The skies over London and most of the rest of northern Europe are quiet this weekend. Eyjafjallajökull’s ash stopped my poor sister from going to New York (a trip she’d been looking forward to for months) and has stranded several friends and colleagues. After the initial ‘wow, they’re really stopping all the flights!’ reaction, the press has now reverted to their usual scaremongering. Apparently, the UK might soon suffer shortages of fresh fruit and vegetables.
Sorry, I’ll say that again: the UK is apparently at risk of fruit and veg shortages. This is the UK, which has some of the finest and most fertile farmland in Europe. Obviously, it has been a pretty tough winter but to me this is a symptom of everything that has gone wrong in our modern world: we’ve stopped growing and eating the vegetables we can produce in March and April in England and instead we fly pineapples in from Ghana and baby sweetcorn from Thailand. This links in to everything: we’re no longer in anyway self-sufficient, we encourage poorer countries to produce food for foreign markets instead of their own, and we fly food in from all over the world: wrong, wrong, wrong.
It’s likely that the volcano’s influence on Britain’s supermarkets won’t last too long. But that doesn’t mean things will be fine forever and ever. With the US military warning that we’ll have passed peak oil production by 2015 (though we must bear in mind that this might just be some kind of move in a game we can’t see, like trying to invade Iran or something) – it seems to be totally undeniable that we’re all going to have to accept some pretty significant changes to the way we live.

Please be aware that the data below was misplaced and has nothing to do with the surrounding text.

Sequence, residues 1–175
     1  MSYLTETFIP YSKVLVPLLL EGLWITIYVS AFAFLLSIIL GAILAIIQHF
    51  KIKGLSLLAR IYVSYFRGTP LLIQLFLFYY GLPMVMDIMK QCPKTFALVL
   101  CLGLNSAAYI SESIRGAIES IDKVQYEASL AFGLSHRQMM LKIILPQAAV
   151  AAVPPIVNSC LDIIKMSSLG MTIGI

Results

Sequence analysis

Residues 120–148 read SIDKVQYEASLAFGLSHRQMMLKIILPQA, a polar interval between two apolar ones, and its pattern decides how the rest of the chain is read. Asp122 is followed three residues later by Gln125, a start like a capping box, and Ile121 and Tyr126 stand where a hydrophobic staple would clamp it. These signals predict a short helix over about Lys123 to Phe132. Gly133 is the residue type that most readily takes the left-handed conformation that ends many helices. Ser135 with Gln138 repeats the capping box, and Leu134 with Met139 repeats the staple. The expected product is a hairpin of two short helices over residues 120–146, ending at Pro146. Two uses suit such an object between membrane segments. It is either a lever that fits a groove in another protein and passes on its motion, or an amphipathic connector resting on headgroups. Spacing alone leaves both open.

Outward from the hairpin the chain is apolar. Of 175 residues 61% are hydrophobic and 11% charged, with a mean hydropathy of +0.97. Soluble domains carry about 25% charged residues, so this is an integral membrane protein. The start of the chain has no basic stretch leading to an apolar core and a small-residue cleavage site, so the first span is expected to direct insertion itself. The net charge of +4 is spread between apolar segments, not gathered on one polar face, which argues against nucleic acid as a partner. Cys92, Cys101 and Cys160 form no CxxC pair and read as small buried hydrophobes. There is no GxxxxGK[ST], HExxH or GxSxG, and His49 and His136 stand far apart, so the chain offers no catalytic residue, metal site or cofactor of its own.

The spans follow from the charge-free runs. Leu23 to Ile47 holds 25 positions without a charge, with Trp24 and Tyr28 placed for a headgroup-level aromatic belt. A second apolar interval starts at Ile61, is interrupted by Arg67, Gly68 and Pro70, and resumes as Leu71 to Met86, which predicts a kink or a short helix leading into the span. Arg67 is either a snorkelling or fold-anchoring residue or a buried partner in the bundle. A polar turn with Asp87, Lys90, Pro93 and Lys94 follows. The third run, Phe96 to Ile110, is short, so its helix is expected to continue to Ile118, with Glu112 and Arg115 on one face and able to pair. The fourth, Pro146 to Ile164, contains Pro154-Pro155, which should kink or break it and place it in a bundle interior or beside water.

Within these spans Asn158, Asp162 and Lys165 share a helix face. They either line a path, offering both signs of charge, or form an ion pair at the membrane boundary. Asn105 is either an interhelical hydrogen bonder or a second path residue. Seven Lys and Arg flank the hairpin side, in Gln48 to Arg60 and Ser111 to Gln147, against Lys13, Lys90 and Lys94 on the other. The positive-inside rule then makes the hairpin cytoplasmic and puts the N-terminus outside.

Whereas in recent years, eating local, seasonal food cooked slowly has been a sort of retrospective pleasure of the wealthy middle class food snobs in Europe, I reckon that in a few years, that’ll be basically the only way to eat. We might have to accept too that baby sweetcorn and pineapple become birthday treats to be longed for and savoured. What we can’t grow fairly locally, or ship in the old fashioned way, we shouldn’t be eating.
But that’s not the only change I can see happening. As it’ll become more difficult and expensive to transport goods, most European countries will need to start looking once again to local manufacturing and industry. We’ll have to rely less on plastics and other polymers which are also sourced from the petrochemical industry: look around you right now and see if you can identify any item from the last 50 years which definitely didn’t rely on petrochemicals at some point in its production. We’ll have to accept changes in the quality and the quantity of goods that are available.
OK so this post may well sound a little paranoid and rambling. I suppose I’m still trying to organise my thoughts. But my point is that I think it’s very likely that we’ll all have to accept some pretty massive changes to our lives over the next few years and decades. In a way, this volcano is something of a gift because it can remind us of how unsustainable our happy European lives have become.